We learn everything about our world by perceiving information through our five senses. When teaching your class about the five senses, be sure to stimulate your students' very own senses for pure educational fun. Include activities that require them to use their noses, hands, eyes, mouths, and ears. Doing so helps students develop an appreciation for their five senses and helps them practice skills in observation and investigation, which are crucial science skills. The following ideas can easily be incorporated into your lessons on the senses. Be sure to pre-assess your students' prior knowledge to help you decide what the class already knows and what they are ready to learn.
The Basics for Youngsters
Can your students identify the body parts responsible for seeing, smelling, hearing, tasting, and feeling? Have students label these parts on a picture or stuffed animal. Then play matching games to get your students thinking about each sense individually. You can also begin discussions about how the senses are used by reading books that focus on the topic. Read storybooks like Polar Bear, Polar Bear, What Do You Hear? or The Listening Walk together as a class and then chart the sensory details used in the stories. The same can be done with videos and songs.
Following classroom practice, assign students to go on a scavenger hunt for sense stimulants at home. Provide students with a chart listing each sense and areas to record what they find in words or pictures. Finding things that are seen, heard, and touched should be easy for them to do. Hint that mealtime may be perfect for finding smells and tastes. Compare the results when you return to class. Discuss the similarities and differences recorded on students' charts. Once students have these basics down, they will be ready to build their vocabulary and continue with more advanced concepts.
As teachers, we stress the importance of students being good listeners. We want them to notice the benefit of hearing details. Practice how to be good listeners in your lessons on the sense of hearing. Students can learn to concentrate their hearing by experimenting with sound boxes. Present the class with a group of boxes that each contains objects familiar to students. For example, one box could contain a handful of coins; another, erasers. Shake each one and have students guess its contents. If they are stumped, have a volunteer reach into the box to see if he or she can figure out what is inside by using the sense of touch.
Start off teaching about the sense of taste with a silly pre-teaching activity. For a few moments, have students stick out their tongues at each other. Then ask students what they noticed about the others' tongues. Did they notice the tiny bumps covering the tongue? Explain that these are receptors called taste buds and that the location of a taste bud determines the kind of taste sensed. The receptors at the tongue's tip pick up sweet tastes. Taste buds along the sides sense sour and salty tastes; bitter tastes are noted by those at the back of the tongue. Next, pass out various foods with strong tastes like lemon and grapefruit wedges, salsa, chocolate, and potato chips for students to try. Have students identify the tastes and record their results on chart paper. Next, blindfold students and then have them identify other foods based on their scents and tastes. (Note: You'll want to make sure you have all students' allergy information when planning this exercise.)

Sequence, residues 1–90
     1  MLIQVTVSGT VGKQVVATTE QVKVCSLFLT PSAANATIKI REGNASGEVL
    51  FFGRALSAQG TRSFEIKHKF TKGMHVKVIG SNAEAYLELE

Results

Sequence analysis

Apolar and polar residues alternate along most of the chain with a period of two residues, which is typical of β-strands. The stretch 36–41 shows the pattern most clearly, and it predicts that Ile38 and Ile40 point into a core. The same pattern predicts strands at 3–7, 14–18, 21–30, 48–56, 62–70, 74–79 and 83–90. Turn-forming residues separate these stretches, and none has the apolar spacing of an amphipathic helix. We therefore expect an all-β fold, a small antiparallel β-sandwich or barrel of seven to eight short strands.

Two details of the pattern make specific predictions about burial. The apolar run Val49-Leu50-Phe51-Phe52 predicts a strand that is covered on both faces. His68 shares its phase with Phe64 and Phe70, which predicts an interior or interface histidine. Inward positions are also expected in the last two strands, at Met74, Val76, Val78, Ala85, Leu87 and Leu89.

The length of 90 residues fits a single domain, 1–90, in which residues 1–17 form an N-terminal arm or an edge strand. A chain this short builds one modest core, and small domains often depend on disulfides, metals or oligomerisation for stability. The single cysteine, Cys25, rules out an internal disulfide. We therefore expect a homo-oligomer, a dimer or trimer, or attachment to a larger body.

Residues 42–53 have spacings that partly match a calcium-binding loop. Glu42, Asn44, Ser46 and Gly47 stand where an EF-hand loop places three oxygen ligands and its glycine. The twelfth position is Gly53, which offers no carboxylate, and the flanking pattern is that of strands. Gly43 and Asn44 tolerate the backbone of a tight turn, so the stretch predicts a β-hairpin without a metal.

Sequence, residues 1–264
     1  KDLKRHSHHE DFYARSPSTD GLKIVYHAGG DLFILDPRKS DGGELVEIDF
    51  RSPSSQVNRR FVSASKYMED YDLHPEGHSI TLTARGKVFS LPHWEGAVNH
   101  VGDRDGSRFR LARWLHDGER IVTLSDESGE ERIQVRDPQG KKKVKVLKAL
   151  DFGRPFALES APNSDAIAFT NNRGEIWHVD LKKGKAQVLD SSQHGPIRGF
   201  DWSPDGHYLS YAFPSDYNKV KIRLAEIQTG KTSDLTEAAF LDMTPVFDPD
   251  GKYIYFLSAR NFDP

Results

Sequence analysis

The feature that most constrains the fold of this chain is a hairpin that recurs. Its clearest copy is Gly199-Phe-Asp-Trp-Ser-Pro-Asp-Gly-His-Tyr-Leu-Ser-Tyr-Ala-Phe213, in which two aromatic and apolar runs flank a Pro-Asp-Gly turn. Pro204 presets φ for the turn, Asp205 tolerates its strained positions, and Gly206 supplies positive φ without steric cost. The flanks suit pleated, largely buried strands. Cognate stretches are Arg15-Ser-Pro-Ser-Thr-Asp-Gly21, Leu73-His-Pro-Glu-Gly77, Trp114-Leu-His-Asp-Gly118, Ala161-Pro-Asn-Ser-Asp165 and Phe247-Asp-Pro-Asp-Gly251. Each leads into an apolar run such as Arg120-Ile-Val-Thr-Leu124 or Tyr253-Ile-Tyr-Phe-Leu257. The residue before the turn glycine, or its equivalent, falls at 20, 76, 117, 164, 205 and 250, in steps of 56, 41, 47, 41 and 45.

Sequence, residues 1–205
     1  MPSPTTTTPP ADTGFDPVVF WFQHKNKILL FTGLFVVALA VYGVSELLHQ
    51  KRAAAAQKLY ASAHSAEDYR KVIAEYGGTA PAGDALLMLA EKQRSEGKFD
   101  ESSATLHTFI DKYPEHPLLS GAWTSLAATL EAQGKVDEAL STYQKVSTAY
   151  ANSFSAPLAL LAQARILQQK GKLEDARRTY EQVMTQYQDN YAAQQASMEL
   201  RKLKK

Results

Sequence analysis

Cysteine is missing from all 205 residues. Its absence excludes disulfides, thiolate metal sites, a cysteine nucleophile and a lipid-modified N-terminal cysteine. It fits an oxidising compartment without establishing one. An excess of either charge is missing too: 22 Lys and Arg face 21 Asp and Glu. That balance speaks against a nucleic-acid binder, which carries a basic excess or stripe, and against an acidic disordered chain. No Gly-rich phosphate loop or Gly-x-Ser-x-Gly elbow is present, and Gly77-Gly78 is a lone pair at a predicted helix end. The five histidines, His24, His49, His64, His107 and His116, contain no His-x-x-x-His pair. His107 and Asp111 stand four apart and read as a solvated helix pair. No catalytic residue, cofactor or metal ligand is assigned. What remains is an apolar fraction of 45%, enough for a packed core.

Present your class with 10 items that have a strong smell. Try to have a mix of things with familiar and unfamiliar scents. Flowers like lilacs, spices like cinnamon, and herbs like sage are great to include. Place each into a paper bag or glue each onto a piece of cardboard. Have students try to identify the source of each scent without seeing the item. For the scents that stump students, ask them to recall where they may have smelled something similar. In a garden? In a kitchen? Have students talk out what the item smells like. List the correct responses on the board. Next, mix two scents together to form a new scent and see if the students can identify what has been combined. Repeat this with the other items and tap into the kids' creativity by having them name each new scent.
Relying on the Eye
We depend a great deal upon our vision, but there is no guarantee that we will always be able to count on it. Use optical illusions to show students how our eyes can play tricks on us. Sites like illusions.org have a catalogue of illusions ready to use in your class. Illusions can teach students that our eyes notice colors, size, movement, patterns, and depth while the brain may process these factors to appear as if we are seeing something else.
Another topic to introduce to students when studying the sense of sight is vision disabilities. Colorblindness is one such disability to discuss. Try an online colorblindness test with your students to see if everyone can distinguish between different colors. Will everyone be able to tell red from green? With a blindfold, you can have students experiment with what it would be like without vision. Prompt blindfolded students to use their other senses to figure out what a mystery object is. Follow up these activities with a class discussion about what life activities may be restricted by vision disabilities.
Feeling with Hands and Feet
While you can use boxes for teaching about the sense of touch just like you did for teaching about hearing, you don't have to keep the objects a mystery. Instead, give students items with various textures. You can use feathers, sandpaper, slime, or silk scarves, for example. You will want to include something rough and something smooth, as well as something cold and something hot. As students feel each item with their hands, have them describe the sensations. Next, have students feel the same items with their feet. They will be tickled to see the difference in some of those objects!